Sep 28, 2011

Do You Debrief?

So you just finished up with a big event or program.  Maybe it was summer camp, volunteer training,  family service, or fall festival.  Just as you breathe a sigh of relief...bam...another event or calendar item is already staring you down.  

But hang on...before you jump into the next big thing...it's important to slow down and look in the rear view mirror.  Taking time to debrief is one of the best things you can do after an event is over.  

Here's some keys to effective debriefing:

Debrief within one week after the event is over.  You want to debrief while your thoughts and memory are fresh.

Get the right people in the room.  The debrief team should be made up of people who are able to identify issues and come up with solutions, actions and outcomes.

Keep the debrief as "brief" as possible.  Limit the meeting to one hour or less.  If it goes longer than that, people will not want to do another one.

Don't let it get personal.  If the event was not successful, it's not about finding out whose fault it was.  Make it clear up front that the purpose of the meeting is not to attack or place blame on others. 

Make it a level playing field.  Everyone is on equal ground.  Don't allow one person to dominate the conversation because of seniority or expertise.

Pass out post-it notes.  Have everyone write down issues they saw and ways to improve.  Gather the post-it notes and put them in categories such as volunteers, technical, advertising, communication, planning, etc.  Work through the notes as a team.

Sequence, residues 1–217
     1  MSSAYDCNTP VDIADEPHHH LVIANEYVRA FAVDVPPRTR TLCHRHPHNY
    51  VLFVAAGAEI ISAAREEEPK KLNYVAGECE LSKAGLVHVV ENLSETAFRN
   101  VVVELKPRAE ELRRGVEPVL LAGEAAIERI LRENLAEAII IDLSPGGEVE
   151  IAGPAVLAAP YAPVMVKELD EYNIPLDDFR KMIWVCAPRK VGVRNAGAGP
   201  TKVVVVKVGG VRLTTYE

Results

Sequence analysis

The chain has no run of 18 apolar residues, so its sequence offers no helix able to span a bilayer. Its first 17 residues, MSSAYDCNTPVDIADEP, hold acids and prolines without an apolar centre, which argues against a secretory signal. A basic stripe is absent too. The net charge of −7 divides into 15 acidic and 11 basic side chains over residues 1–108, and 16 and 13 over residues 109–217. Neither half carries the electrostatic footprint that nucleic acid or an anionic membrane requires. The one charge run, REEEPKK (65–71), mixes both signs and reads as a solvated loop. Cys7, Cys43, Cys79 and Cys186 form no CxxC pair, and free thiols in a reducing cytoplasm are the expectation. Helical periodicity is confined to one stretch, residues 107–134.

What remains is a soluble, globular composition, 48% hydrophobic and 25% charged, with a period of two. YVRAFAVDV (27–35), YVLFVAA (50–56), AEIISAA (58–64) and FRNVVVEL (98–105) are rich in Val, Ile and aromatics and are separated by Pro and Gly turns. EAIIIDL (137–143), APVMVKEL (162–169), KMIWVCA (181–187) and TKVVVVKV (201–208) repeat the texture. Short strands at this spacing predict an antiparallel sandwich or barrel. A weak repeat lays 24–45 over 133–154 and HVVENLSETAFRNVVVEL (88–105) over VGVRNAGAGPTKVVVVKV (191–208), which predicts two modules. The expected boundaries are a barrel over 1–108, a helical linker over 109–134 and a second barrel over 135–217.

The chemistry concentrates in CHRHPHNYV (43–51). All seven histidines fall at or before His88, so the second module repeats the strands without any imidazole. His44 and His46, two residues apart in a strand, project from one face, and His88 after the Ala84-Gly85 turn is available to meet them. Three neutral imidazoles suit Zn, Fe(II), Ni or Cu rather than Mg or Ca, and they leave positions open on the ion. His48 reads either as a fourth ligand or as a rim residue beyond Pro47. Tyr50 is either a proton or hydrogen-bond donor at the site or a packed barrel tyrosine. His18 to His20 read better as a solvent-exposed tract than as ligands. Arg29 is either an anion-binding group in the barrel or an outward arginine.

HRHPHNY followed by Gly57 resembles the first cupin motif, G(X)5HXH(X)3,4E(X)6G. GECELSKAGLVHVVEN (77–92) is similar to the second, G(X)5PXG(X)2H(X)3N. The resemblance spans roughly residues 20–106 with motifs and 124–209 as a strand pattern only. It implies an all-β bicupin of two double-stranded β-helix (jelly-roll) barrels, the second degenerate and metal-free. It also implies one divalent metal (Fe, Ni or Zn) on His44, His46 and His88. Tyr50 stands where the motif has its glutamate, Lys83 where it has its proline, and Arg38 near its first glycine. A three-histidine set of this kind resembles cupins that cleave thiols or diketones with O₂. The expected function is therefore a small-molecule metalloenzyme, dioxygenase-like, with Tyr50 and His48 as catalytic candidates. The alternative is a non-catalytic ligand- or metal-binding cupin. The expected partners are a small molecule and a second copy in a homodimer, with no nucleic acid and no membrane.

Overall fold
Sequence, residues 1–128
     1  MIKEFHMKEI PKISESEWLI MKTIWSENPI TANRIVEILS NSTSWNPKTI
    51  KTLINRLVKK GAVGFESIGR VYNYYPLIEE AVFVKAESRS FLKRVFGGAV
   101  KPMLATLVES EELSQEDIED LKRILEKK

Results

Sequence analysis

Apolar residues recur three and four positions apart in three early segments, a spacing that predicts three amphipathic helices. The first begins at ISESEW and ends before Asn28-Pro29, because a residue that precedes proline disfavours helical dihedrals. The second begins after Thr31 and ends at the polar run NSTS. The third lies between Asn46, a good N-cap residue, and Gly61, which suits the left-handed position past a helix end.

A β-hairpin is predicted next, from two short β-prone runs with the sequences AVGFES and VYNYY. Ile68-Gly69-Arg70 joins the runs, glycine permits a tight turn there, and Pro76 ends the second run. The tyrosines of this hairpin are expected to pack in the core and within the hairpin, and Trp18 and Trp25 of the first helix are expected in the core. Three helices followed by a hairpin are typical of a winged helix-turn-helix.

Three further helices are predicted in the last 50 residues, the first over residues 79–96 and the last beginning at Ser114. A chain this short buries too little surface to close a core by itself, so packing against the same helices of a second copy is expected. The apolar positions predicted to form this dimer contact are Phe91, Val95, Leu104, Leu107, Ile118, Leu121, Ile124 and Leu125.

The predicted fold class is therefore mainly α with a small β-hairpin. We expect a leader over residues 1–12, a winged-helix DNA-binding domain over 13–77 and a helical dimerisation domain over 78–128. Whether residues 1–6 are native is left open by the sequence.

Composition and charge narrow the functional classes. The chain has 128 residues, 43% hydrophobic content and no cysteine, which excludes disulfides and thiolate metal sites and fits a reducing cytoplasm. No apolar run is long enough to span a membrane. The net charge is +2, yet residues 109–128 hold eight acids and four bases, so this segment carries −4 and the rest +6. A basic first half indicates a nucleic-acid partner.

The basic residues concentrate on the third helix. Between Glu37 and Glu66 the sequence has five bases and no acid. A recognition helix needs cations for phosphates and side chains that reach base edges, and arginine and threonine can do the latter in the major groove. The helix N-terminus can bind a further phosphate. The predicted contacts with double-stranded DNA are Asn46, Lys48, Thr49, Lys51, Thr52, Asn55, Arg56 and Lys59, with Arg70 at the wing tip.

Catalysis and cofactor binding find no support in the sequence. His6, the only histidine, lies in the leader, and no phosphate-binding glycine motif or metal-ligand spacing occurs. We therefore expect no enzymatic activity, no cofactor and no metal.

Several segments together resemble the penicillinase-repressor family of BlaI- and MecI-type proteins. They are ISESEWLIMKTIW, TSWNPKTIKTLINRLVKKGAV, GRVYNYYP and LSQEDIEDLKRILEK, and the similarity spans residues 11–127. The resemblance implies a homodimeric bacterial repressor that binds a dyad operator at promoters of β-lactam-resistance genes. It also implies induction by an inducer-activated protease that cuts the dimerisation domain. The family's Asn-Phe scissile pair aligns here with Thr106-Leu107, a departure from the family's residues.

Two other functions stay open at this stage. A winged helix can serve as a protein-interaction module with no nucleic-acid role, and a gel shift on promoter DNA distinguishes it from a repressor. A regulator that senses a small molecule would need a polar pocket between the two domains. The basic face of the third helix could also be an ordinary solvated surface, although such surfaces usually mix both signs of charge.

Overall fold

Discuss questions such as...
"How did the event feel?"
"What was it like for them?"
"What did they notice, experience, or hear?"
"Did we achieve our goals?"
"If we fell short, why?"
"What could we have done better?"
"What issues came up that we didn't expect?"
"What did we learn about ourselves as a team through this event?"

Capture it.  Make sure someone records or writes down all the feedback.  Then have them put it in a document that can be distributed to everyone after the debrief is over.

Make a list of ways you can improve.  If you do the event again, you can refer back to the list.  The goal is continual improvement. 

Create action steps.  Issues that are identified should have actions steps associated with them.  Assign the action steps to team members.

End the debrief on a positive note.  Focus on wins not just fails.  If you focus solely on mistakes, it can become demotivational.  Take time to encourage and praise.

Do you debrief?  What are some things you do to make your debriefs effective?  Would enjoy seeing your ideas in the comment section below.


3 comments:

Before entering into the debriefing process, I encourage the team to think about the 'bigger picture', to filter every comment, thought, criticism, complaint, observation, success and encouragement of what the 'bigger picture' was for each event.

I make it a point to write down feedback during the event as much as possible...the freshest of feedback...then I type that to present at the debriefing for review - it's some work, but makes debriefing at the meeting very productive.

I have used Zoomerang.com to collect feedback from people, but I have not regularly held debrief sessions. I love your ideas here—extremely practical and very helpful. Thanks!

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